Temperatures soared above 90 degrees at the Vanguard Collegiate Middle School soccer field in East Baltimore, but the heat did little to dampen the energetic pace of the young players.
Reema Al Faheed, an ebullient 18-year-old, races down the pitch with obvious joy. She had spent most of her life in a displacement camp on the Iraqi-Syrian border.
Born and raised in a refugee camp in Nepal, Kailash Rai, 13, is equally quick on his feet and just as enthusiastic.
Stories like these are the norm here. The players on the field have escaped everything from poverty and discrimination to war and famine. For them, soccer has become a shared passion, a sport that builds community as well as character.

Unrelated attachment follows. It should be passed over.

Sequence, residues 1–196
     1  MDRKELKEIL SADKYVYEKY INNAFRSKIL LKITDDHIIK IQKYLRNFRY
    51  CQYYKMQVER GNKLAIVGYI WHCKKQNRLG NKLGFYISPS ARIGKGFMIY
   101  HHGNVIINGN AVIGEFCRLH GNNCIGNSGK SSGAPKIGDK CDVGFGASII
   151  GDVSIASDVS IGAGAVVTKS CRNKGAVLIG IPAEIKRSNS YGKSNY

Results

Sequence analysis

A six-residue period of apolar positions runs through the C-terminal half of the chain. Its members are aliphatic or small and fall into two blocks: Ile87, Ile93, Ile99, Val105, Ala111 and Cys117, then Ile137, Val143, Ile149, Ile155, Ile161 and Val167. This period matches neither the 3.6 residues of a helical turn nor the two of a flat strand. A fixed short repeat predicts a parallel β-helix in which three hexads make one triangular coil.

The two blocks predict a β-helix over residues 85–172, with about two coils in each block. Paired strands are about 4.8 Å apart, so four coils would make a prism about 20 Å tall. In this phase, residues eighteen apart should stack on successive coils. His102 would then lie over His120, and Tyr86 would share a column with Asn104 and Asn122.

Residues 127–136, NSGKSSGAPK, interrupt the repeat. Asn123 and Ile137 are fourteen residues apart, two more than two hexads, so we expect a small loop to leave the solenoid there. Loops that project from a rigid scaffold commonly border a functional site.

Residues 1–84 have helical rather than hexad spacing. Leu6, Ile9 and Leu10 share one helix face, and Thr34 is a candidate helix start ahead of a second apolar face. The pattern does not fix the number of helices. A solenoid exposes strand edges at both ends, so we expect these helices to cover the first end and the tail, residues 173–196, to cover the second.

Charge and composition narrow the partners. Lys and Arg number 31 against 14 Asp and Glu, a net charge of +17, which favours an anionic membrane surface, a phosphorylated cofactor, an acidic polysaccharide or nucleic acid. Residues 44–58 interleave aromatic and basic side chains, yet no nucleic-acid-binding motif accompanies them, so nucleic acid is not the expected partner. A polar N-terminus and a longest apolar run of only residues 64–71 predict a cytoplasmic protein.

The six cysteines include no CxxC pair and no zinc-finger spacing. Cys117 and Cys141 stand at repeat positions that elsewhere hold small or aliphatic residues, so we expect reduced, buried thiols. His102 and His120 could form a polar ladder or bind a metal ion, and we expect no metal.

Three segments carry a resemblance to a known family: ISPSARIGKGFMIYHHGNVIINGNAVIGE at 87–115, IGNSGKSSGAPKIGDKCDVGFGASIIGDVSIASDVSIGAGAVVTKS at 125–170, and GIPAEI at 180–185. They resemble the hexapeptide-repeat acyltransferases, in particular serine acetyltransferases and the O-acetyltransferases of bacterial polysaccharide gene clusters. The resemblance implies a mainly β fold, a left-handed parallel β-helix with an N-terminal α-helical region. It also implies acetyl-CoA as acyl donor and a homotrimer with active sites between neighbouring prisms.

These teenagers are participating in Soccer Without Borders (SWB), an international program that uses the sport to help resettled refugees and immigrants adapt and thrive in their new homes. The International Rescue Committee has resettled most of the players who take part in the Baltimore program.
Read the full article by Kulsoom Rizvi on the International Rescue Committee website>>